Published August 1, 20209 minute read

How do you average (or sum) a lot of numbers, quickly?

More precisely, how do you do this on a webpage, preferably in real-time, when your values are stored as pixels in a large image? In general-purpose applications, we have access to the massive parallelization capabilities of GPUs with CUDA or OpenCL — but on the web, we’re stuck with WebGL and fragment shaders.

One possibility is to write a fragment shader that repeatedly downscales the image by a factor of 2, where each output pixel is the average of the four pixels in its preimage. Assuming each render takes constant time due to GPU parallelization, this technique can average an $n \times n$ texture in $\log_2{n}$ time.     This works, but has a few disadvantages:

• It’s a pain to deal with images with sidelength not a power of 2. It can be done, but I wouldn’t want to do it.
• Each iteration requires a texture of a different size. Instantiating and swapping around all of these textures (or managing glViewport) is a pain.
• Perhaps most importantly, this technique clearly works and is thus mathematically uninteresting.

An alternative technique that “resolves” some of these issues is to just blur the image repeatedly until it becomes a solid color, then read an arbitrary pixel.    This technique:

• Works equally well on images of any size or shape.
• Uses textures of all the same size, so we only need to instantiate two textures and render back and forth between them.
• And, as we’re about to see, is very interesting.

To obtain an accurate average and avoid edge-effects, we treat the texture as a torus. What the blur operation is really doing, then, is circularly convolving the input image with a Gaussian kernel:  $I_0$

$*$  $K$

$=$  $I_1 = I_0 * K$

As you may have guessed from the above images, however, repeated Gaussian blurring is really bad for this purpose. The issue is that the Gaussian kernel is very local, so information doesn’t spread very fast throughout the image.

## How to Judge a Kernel

Perhaps a kernel that’s more spread out would do better — indeed, there’s no reason for the kernel to even be contiguous!

But first, we need a way to quantify the “quality” of a kernel $K$. Let $I_0$ denote the original image, and let $I_n$ denote the image after convolving with $K$ a total of $n$ times. Then $I_n = I_{n-1} * K$, and taking the 2D discrete Fourier transform yields $\hat{I}_n = \hat{I}_{n-1} \cdot \hat{K}$.From here, we easily obtain $\hat{I}_n = \hat{I}_0 \cdot \hat{K}^n$.

The image $I_\infty$ we want to eventually converge to has all pixels equal to the average value $\langle I_0 \rangle$ of $I_0$, so that $\hat{I}_\infty(0, 0) = \hat{I}_0(0, 0)$ is the only non-zero coefficient in $\hat{I}_\infty$. Intuitively, the “quality” of the kernel $K$ should quantify how quickly the $I_n \to I_\infty$, say in $\ell^2$ norm. By Parseval’s theorem, it is equivalent to study the convergence of $\hat{I}_n \to \hat{I}_\infty$ in $\ell^2$. To do this, we’ll first need to deduce a bit more about $\hat{K}$.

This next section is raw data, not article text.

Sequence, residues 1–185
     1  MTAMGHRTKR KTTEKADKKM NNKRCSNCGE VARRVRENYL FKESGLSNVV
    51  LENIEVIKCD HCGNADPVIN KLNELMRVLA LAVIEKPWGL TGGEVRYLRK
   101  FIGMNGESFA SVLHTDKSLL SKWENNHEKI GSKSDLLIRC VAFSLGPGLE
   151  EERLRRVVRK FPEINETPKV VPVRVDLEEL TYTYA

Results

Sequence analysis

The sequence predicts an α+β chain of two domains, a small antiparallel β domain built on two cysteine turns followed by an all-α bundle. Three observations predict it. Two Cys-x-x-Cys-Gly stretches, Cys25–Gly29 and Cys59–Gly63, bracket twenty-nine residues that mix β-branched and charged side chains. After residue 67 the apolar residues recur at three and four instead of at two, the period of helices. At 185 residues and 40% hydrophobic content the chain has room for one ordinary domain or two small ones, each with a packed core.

Let $e_{i, j}$ for $0 \leq i, j \leq N$ denote the image with value 1 at pixel $(i, j)$ and 0 elsewhere. Then every coefficient in $\hat{e}_{i, j}$ has magnitude 1, by definition.If we assume that the kernel $K$ is a convex linear combination of the $e_{i, j}$, then every coefficient in its Fourier transform $\hat{K}$ is a convex linear combination of norm-1 complex numbers — and thus has norm at most 1. Thus all components of $\hat{I}_n$ either decay exponentially to zero or remain fixed as $n \to \infty$.

In fact, since all $\hat{e}_{i, j}(0, 0) = 1$, we have $\hat{K}(0, 0)$ = 1, and so all $\hat{I}_n(0, 0) = \hat{I}_\infty(0, 0)$. Letting $K'$ denote the kernel $K$ with the entry $(0, 0)$ set to zero, we finally define the quality of $K$ to be

$Q(K) \defeq \frac{1}{\ell^\infty(\hat{K'})}.$

Put simply, we look at the largest coefficient in $\hat{K}$ by magnitude, excluding $\hat{K}(0, 0)$. Then the rate of convergence of $\hat{I}_n \to \hat{I}_\infty$ is on the order of $Q(K)^{-n}$: our average becomes roughly $Q(K)$ times better on each iteration.

Sidenote: We can now understand precisely why the Gaussian kernel is so bad: the magnitude of the Fourier transform of a Gaussian is a Gaussian, which has a very “flat” peak near $(0, 0)$. Thus the Fourier coefficients near $(0, 0)$ have magnitudes almost exactly equal to 1.

## The Search Begins

We now have a clearly defined task: find a kernel $K$ of maximal quality $Q(K)$.

Clearly, the optimal quality is $\infty$, when all coefficients of $\hat{K}$ other than $\hat{K}(0, 0)$ are zero. This corresponds to a filter with equal weight on every pixel of the image, so we converge in one step. End of post!

Of course, in practice this would be horrendously slow, even on the GPU. The performance of our fragment shader is related to the number of input pixels we access per output pixel — i.e., the number of non-zero entries of $K$. So, our task is really:

Find a kernel $K$ of maximal quality $Q(K)$, subject to $\ell^0(K) \leq N$.

There’s just one issue: this task is horrendously difficult.

This forces us to turn to brute-force Monte-Carlo methods. The procedure I used is as follows:

1. Randomly choose $N$ pixels without replacement from the $n \times n$ input image. These locations represent precisely the non-zero entries of $K$.
2. Given this restriction, maximize $Q(K)$ using the method of your choice. This is an $N$-dimensional optimization problem where the variables must be non-negative and sum to one. I used scipy.optimize.
3. Repeat.

Keeping track of the maximum-quality kernel during this procedure should give a good estimate of the true solution. Here’s some experimental results for a square image of sidelength $n =128$:  As expected, the quality increases as the sparsity budget $N$ is increased. For a given $N$, the median kernel quality, in the grand scheme of things, isn’t that much worse than that of the best observed candidate.